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Violence derails Brazilian protest movement

Smashed shopfronts, burning buses, injured protesters and the death of a cameraman - an ugly escalation of violence threatens to relegate Brazil's protest movement to a position from which it is unlikely to recover.

"I'm sorry for being honest, but I hope the World Cup in Brazil is a total failure," activist Fernando Hideki Hatimine posted on the digital platform Anonymous Brasil.

A user known as Joao Paulo Martins Veloso also unleashed a rant of his own on the site. "There are some things you just can't improve or reform," he wrote. "They have to be completely destroyed so that something new can emerge."

Brazil's protest movement is in trouble, and it's not just because of arbitrary police brutality. Furious protesters and the violence of the so-called Black Bloc - which roused the country during the Confederation Cup in June 2013 - have also played a role in bringing the demonstrations into disrepute.

Coaxed to participate

On February 6, the riots reached a tragic climax. Cameraman Santiago Andrade from the Brazilian TV channel "Bandeirantes" was hit by a flare during a protest against bus fare increases in Rio de Janeiro. He later died from his injuries in hospital.

DW reporter Philipp Barth was another victim of protest violence. During the rally in the center of Rio, Brazilian military police destroyed his camera and pummeled him with kicks and insults.

Journalist Santiago Andrade is hit by a flare

Protests turn deadly: Cameraman Santiago Andrade was fatally injured by a flare earlier this month

Barth suffered shock and minor injuries, but his Brazlian colleague was fatally injured after the flare thrown by a pair of protesters exploded near his head. The alleged perpetrators, two men aged 22 and 23, were arrested just days after the incident, and have now been charged with murder.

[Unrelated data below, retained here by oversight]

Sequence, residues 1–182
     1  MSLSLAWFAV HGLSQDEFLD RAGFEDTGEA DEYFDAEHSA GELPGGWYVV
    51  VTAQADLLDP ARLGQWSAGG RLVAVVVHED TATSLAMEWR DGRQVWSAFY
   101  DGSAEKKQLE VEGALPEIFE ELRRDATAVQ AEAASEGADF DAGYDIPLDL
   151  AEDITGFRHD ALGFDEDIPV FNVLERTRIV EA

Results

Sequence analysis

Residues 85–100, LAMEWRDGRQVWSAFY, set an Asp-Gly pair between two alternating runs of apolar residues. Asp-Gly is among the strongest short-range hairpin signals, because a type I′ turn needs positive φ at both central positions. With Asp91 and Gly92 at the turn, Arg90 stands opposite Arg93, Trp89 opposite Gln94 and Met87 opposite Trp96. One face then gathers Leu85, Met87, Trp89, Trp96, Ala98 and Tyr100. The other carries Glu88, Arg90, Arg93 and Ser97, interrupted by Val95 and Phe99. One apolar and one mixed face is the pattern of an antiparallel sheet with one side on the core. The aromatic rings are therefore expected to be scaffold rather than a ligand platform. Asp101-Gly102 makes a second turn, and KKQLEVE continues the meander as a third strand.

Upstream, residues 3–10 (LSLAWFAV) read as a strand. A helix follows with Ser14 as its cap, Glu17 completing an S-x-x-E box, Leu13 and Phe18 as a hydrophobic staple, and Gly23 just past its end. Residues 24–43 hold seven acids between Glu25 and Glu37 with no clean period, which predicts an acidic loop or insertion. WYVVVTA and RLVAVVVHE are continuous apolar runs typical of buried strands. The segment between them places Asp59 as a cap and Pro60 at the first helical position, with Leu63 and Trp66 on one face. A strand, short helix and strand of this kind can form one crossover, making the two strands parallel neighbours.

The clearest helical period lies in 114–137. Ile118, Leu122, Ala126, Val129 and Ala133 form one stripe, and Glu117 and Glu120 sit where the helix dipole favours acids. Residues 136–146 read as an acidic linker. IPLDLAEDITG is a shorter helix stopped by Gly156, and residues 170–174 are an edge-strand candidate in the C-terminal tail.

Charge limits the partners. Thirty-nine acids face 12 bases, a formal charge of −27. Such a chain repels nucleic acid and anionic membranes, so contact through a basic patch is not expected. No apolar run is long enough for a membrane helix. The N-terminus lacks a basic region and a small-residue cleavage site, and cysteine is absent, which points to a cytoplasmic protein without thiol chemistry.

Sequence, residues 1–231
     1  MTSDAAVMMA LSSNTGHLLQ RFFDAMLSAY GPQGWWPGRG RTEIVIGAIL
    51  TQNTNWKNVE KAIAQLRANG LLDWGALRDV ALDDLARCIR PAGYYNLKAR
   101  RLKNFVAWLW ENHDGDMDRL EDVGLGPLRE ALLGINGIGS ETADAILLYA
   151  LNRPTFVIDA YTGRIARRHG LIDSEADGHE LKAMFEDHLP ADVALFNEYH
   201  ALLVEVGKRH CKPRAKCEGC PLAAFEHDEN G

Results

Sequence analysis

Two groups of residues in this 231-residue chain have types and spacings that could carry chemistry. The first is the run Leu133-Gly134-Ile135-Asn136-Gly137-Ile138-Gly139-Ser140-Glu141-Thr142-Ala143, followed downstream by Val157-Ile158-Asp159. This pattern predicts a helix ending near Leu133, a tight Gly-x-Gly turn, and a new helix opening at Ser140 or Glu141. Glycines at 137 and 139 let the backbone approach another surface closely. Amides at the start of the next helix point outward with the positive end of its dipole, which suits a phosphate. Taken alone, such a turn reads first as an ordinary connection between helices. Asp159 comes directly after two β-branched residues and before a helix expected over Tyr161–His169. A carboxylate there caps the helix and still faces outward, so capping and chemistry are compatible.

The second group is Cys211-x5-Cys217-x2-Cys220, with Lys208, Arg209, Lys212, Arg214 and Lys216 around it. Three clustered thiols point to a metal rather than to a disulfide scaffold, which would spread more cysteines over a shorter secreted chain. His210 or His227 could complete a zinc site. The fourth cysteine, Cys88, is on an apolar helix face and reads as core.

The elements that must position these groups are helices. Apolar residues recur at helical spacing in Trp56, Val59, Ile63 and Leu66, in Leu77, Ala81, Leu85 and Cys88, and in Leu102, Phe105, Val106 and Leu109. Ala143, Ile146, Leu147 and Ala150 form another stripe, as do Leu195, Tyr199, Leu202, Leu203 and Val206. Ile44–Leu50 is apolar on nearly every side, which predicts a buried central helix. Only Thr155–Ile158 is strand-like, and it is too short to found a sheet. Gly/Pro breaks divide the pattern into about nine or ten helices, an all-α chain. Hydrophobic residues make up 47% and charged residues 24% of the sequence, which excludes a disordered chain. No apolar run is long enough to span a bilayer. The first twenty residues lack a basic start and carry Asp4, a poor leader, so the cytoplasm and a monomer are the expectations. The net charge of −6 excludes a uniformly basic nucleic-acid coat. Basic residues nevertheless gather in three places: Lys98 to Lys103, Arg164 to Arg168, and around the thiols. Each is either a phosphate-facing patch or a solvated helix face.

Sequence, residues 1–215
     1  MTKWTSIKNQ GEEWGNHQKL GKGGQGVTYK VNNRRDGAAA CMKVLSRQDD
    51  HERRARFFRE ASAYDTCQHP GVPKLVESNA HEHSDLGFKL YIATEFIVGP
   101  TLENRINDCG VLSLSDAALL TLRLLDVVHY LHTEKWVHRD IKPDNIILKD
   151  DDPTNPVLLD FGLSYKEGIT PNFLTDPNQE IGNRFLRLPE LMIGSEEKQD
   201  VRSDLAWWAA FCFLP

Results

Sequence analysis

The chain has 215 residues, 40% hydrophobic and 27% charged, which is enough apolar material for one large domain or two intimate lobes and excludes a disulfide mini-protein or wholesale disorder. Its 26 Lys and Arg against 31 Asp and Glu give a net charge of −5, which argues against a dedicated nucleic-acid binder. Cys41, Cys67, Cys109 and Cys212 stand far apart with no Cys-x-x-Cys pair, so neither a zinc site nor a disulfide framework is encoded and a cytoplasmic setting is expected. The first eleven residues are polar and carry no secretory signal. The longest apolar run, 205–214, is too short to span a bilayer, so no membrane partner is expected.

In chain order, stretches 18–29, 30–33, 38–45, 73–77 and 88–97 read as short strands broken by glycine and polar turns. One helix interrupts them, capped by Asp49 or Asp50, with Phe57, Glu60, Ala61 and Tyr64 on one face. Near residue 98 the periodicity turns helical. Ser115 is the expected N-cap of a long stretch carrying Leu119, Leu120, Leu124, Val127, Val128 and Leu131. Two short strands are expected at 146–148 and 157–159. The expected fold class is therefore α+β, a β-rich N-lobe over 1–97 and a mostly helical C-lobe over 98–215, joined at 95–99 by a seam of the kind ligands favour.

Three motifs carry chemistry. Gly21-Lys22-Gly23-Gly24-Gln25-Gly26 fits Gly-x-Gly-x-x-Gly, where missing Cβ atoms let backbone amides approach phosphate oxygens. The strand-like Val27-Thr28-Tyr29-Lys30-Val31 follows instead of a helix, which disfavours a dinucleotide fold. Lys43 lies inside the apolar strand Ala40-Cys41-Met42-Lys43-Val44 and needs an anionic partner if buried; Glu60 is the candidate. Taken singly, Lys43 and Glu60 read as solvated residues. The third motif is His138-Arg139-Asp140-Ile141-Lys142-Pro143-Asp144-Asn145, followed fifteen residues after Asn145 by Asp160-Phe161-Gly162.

The events seem to have contained some of the fury over the planned fare increases. "My client was coaxed into taking part, and was offered 150 Reals (46 euros, $63) to be involved in the riot," Jonas Tadeu Nunes, the lawyer representing the accused, claimed on the Brazilian TV station "Globo". His client, who had been working in a minimum wage job, managed to secure a raise to his modest salary after participating in the protests.

A change in mood

The death of cameraman Santiago Andrade symbolizes a turning point for the protest movement, political scientist Valeriano Costa told DW. "The positive mood has been turned on its head," said Costa, who lectures in public opinion research at the State University of Campinas in São Paulo. He argues the lack of organization behind the mass demonstrations, which at the beginning was seen as a positive sign of political independence, has proven naive.

"Even the demands for political reform have faded away," said Costa. The activists had always been very general in their claims because so many different social groups were involved in the protests, he added, "but now a substantial vacuum has opened up."

A recent poll published by the Datafolha Institute indicates just how much the mood has shifted. The institute surveyed 654 residents of Rio de Janeiro four days after Andrade's death. Ninety percent said they were against the masked protesters who often make up the Black Bloc. About 56 percent of respondents supported the protests, 40 percent opposed them, and 84 percent believed it was likely political parties had also infiltrated the movement.

Who's afraid of the Black Bloc?

"The likelihood that people will once again take to the streets to protest against the World Cup or the lack of investment has significantly decreased," said Castro. Many of the groups that had legitimacy and were in a position to mobilize the public held back, he says, because they didn't want to be associated with vandalism or the Black Bloc.

A scene from anti-World Cup demonstrations in Brazil

"World Cup? No thanks!" Protesters against the expensive tournament take to the streets of Sao Paulo

Given anxiety about the possibility of riots breaking out during the World Cup, the government has moved swiftly to take advantage of the changed public mood. On February 17, a bill demanding tougher sentences for violent protesters was brought before Brazil's parliament. The legislation would force protesters wearing masks to identify themselves to the police, and pay for any injuries or property damage with hefty prison sentences.

Like many other activists on the platform Anonymous Brasil, Aline Florenzano Penha has become cynical and disillusioned. "I've noticed that I'm the only one in my circle who criticizes politicians and the media. Most of them think I'm crazy, and that the protesters are hooligans," the student from Sorocaba writes. "Everything can slowly explode for all I care - Brazilians don't deserve anything better!"

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